David

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Re: Three Fly

Postby Eric DeCamps » July 28th, 2002, 5:29 pm

Michael:
I am pleased that you enjoyed my egg bag routine. I am very happy with the piece and the response its gotten since putting it together. However, that is a discussion for another topic folder.

David:
I did not know that Gary was a student of Willis Kenney. Sometime I would like to tell you the story of my first meeting with Willis. It was at the first New York Magic Symposium back in August of 1982. He taught me a very important lesson that day. I really respected his work and enjoyed the few visits I had with him through the years.

I look forward to reading your findings regarding the fingertip coins across in your files and/or your conversation with Gary.

Eric DeCamps

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Re: Three Fly

Postby EdAndres » July 28th, 2002, 11:49 pm

Dave Neighbors slid a coin behind two others for a vanish in his "coins to pocket" routine....YEARS ago.

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Re: Three Fly

Postby mike cookman » July 29th, 2002, 11:03 am

I'll settle this---I created Three Fly. All the moves, all that stuff. Hee hee. By the way, how does Kenners Three Fly look? I've never seen it. I've seen Kurtz', but not Kenner's or Townsends or any of the others. Sorry.

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Re: Three Fly

Postby Mike Powers » July 30th, 2002, 5:55 am

One thing unique about Kenner's routine was his unpublished (I think) ending. He did it for me years ago when it first came out. At the end he dropped three coins in my hands. I looked for coins falling from his sleeve but there were none. OUCH! I got hurt on that one. Chris saw my pain and was gracious enough to tip the method, which was diabolical. I'm going to my grave with that one....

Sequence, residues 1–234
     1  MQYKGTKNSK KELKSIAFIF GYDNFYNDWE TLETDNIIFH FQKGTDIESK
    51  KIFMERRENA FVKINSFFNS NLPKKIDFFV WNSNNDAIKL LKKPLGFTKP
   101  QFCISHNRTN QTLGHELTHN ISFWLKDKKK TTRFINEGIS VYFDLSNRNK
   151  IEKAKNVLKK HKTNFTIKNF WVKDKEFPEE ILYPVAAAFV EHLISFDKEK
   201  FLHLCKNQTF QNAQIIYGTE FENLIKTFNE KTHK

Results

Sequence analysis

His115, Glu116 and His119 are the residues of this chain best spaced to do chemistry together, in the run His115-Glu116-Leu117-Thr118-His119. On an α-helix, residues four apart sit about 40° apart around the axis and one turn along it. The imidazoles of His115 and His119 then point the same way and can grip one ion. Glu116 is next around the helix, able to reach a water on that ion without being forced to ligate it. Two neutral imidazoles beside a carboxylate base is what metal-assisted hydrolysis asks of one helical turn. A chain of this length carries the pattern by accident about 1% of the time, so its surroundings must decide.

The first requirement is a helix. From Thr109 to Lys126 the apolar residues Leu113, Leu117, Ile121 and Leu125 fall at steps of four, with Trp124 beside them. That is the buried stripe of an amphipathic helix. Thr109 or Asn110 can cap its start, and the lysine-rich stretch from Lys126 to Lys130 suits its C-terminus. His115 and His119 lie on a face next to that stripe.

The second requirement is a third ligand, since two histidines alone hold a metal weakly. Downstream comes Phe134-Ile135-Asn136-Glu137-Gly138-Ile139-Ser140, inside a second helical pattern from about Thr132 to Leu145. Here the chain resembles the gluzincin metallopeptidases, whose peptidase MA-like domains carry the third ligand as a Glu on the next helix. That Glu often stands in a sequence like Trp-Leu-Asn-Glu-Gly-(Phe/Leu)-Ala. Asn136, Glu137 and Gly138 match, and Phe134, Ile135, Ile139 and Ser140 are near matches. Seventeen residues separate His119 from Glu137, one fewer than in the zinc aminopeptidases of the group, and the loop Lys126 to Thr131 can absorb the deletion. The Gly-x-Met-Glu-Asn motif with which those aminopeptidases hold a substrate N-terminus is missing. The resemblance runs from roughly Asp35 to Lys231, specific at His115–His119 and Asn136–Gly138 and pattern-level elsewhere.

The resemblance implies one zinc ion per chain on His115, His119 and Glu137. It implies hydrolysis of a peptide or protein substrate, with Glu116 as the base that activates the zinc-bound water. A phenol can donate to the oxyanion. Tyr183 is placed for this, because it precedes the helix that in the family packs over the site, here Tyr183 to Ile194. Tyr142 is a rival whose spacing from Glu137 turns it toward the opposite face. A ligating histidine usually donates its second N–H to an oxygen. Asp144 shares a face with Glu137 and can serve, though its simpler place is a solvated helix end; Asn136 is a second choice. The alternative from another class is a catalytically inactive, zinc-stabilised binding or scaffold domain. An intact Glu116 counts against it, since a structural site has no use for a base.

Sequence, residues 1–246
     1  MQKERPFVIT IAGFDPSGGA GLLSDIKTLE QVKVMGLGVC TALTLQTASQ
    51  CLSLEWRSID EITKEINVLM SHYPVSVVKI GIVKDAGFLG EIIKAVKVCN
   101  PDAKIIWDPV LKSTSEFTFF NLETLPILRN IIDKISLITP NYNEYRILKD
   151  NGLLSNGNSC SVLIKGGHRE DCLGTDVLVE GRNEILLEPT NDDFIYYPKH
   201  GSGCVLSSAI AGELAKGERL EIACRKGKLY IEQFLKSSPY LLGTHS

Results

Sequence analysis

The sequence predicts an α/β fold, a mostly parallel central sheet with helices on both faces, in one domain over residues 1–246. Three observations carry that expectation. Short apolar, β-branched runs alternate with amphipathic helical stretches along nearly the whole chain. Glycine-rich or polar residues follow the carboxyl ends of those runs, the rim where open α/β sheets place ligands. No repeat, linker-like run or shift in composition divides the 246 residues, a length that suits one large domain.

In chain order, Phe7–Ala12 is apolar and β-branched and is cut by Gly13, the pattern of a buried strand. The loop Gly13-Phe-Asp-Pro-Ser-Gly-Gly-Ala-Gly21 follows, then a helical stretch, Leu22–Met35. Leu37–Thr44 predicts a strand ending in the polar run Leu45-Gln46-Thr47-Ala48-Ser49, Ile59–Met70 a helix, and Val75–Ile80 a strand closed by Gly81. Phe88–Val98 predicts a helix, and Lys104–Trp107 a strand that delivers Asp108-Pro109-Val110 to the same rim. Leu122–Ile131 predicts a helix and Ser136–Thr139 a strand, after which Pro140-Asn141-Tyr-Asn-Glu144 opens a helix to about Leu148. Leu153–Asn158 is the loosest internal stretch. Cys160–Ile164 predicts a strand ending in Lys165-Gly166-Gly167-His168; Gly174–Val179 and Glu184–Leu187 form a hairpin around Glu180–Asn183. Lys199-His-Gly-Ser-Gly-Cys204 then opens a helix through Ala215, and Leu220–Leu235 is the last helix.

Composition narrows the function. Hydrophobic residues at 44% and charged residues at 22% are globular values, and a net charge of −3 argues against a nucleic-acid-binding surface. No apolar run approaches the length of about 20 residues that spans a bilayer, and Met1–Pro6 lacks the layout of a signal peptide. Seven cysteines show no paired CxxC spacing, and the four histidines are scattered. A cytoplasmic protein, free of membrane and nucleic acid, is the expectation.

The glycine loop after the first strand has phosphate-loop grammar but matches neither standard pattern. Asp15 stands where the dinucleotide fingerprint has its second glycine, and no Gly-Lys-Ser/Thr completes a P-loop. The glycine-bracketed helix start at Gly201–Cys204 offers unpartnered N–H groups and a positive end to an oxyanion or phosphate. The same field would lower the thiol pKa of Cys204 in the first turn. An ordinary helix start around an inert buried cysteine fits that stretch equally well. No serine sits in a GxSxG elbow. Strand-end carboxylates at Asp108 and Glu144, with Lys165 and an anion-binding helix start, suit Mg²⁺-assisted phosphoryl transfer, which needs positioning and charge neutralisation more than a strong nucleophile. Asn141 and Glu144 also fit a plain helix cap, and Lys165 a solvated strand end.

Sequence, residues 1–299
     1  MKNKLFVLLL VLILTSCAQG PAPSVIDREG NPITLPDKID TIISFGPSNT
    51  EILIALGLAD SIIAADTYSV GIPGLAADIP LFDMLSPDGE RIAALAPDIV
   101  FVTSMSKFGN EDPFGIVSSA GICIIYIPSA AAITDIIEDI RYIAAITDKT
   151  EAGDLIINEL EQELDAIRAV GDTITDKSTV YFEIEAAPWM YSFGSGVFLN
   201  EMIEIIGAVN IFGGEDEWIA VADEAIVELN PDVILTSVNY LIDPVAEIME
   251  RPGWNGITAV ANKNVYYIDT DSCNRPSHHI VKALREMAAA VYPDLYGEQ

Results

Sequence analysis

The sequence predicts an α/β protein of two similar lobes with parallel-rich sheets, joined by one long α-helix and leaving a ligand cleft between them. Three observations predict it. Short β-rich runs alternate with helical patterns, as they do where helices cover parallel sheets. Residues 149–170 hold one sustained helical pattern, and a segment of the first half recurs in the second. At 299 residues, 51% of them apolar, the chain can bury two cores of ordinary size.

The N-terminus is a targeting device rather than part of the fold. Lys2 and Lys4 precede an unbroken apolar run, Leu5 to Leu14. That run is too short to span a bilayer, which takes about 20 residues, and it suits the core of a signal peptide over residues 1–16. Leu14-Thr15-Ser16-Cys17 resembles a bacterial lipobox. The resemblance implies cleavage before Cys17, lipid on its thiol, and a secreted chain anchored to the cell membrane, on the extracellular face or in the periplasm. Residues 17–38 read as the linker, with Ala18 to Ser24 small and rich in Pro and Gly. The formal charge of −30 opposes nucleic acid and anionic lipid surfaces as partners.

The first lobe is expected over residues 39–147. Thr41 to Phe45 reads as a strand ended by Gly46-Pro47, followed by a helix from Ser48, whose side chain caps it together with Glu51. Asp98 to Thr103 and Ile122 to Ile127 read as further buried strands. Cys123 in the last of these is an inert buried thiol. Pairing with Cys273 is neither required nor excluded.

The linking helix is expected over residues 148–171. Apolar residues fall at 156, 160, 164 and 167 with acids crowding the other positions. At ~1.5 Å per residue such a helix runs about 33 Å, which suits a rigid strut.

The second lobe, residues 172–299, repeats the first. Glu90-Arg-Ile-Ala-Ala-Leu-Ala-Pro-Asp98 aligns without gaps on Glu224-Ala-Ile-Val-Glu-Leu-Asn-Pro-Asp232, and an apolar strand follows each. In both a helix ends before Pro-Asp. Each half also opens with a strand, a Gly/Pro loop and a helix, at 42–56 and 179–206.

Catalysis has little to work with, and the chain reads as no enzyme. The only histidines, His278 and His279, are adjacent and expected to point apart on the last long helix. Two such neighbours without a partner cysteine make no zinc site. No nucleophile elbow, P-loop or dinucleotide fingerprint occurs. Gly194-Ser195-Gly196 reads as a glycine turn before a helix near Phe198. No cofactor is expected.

Mike

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Re: Three Fly

Postby Guest » August 2nd, 2002, 5:41 am

Originally posted by Pete Biro:
Frankly, 3 fly (to me) is almost a 1 on 1 for magicians to view - laymen? A lot of easier, better stuff is around.
As usual, Mr. Biro hit the nail on the head.

At the height of the "3-fly" buzz, I performed a little experiment (forgive me): When a bunch of the neighborhood children were in my basement playing with my kids, I popped one of the recent "instructional videos" into the VCR and asked them to watch the performance of one of the "big names" (unnamed here to protect the guilty ;) ) performing his "3-fly".

After they watched, I asked them two questions:
  • Did you like it?
  • How did he do it?
Answers?
  • Moderately well
  • (without hesitation) He had four coins